Conversing With Clients: 5 Things To Keep In Mind

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Dear Readers:

I hope all of you are finding yourselves in the middle of a productive week. As I have been doing quite a bit of speaking lately, I have had wonderful opportunities to meet and speak with a number of people lately. This made me think of the different ways people approach and converse with one another, and the impact our words have on those around us. This is an especially important topic to focus on when meeting with clients. While I have appreciation and respect for the digital age we live in (you know I love engaging with you online and through social media), I feel nothing can compete with human interaction.

Call me old fashioned, but a one-on-one exchange is a wonderful experience when both parties are present and have prepared for the discussion while remaining open and flexible. Today, I would like to share a few tips I have learned over the years in the hopes they may help you in your own business.

Do Your Research: This goes for all parties. Brides, I am speaking to you as much as I am speaking to planners, designers, and florists. Know as much as you can about the person with whom you are meeting. Have a solid understanding of your own industry and what you can and cannot offer your clients. Brides, write down all of the things you love, like, and dislike in order to help those you are meeting with have a better understanding of your vision and expectations.

Pay Attention To The Presentation of Your Person: This goes beyond polishing up your outfit and extends into your posture and even your tone. Do you give your clients your undivided attention? Do you glance around the room or are you so focused on showing them what you do that your tone seems rushed? Do you smile and nod your head to show you understand them or do you stay frozen? Remember, this is a very personal and emotional experience for your clients. They want to feel understood and supported, not simply sold on an idea.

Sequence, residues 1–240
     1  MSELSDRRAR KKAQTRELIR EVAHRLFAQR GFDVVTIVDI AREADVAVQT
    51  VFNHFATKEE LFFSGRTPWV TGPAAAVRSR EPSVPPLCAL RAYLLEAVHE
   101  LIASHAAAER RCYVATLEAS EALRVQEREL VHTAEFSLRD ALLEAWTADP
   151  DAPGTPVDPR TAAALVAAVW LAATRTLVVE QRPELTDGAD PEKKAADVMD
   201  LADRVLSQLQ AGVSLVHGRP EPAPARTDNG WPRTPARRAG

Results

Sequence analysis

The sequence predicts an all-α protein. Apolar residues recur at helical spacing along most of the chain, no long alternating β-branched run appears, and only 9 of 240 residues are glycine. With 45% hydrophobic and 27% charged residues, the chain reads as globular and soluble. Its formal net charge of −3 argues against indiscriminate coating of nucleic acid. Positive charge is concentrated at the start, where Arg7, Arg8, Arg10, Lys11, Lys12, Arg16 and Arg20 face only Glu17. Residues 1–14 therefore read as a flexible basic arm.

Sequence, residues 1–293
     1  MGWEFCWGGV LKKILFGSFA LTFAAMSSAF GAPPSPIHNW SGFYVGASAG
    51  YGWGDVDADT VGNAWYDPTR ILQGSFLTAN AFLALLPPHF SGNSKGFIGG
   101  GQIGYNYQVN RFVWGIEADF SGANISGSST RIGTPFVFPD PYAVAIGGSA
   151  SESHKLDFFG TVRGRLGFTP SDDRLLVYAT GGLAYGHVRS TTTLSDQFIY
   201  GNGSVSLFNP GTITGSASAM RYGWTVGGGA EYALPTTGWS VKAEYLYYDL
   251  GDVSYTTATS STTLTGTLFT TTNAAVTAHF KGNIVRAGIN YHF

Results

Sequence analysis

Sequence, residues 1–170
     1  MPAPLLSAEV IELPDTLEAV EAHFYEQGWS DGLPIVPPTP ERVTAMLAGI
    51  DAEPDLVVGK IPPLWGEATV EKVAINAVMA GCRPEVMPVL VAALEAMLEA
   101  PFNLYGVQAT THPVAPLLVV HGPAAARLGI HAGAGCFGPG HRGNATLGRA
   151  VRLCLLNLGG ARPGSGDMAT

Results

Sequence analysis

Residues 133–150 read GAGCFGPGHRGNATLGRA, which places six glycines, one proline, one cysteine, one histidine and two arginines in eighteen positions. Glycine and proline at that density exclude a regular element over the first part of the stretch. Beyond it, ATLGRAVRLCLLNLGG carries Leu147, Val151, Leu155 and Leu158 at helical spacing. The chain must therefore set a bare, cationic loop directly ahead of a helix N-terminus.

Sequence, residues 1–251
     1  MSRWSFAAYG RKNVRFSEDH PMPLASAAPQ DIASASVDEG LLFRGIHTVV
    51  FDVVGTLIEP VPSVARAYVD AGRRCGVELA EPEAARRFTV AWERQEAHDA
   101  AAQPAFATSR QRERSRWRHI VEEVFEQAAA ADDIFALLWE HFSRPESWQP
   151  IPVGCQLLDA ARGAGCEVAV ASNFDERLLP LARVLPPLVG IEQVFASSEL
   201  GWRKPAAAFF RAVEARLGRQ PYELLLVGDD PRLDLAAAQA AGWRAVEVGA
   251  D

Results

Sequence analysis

Avoid “Yes or No” Questions: Closed-ended questions sound like statements and are less likely to be answered in detail or at all. If you’re finding that you’re not getting great answers from your client, take a look at your approach. Ask how they feel about something, why they feel that way, and what they would prefer in place of it, if anything at all. The more details you ask, the more information you both will receive.

Summarize: At the end of a meeting with a client, it is always nice to give a short summary of points you have discussed as well as share your thoughts on the next steps. This not only shows your clients that you have paid attention, but allows space for any miscommunications to be ironed out.

Finally, Give Thanks: After meeting with your client, take a few moments to write a thank you note and send it to them via snail mail. It’s a nice gesture that takes a little extra time, but then again, all things worth doing so do. Don’t they?

Readers: What are some other tips you would like to share when it comes to conversing with your clients?

Blessings,

Preston

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